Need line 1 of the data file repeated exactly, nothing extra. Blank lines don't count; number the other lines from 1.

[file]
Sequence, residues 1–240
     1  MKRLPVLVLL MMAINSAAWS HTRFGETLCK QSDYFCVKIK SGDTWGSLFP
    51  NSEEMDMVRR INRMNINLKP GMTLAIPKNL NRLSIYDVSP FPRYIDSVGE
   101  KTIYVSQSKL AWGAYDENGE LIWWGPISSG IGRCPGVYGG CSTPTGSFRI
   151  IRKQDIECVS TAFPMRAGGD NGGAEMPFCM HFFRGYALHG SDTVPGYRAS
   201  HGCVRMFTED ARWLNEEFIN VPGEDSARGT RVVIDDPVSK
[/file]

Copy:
Sequence, residues 1–240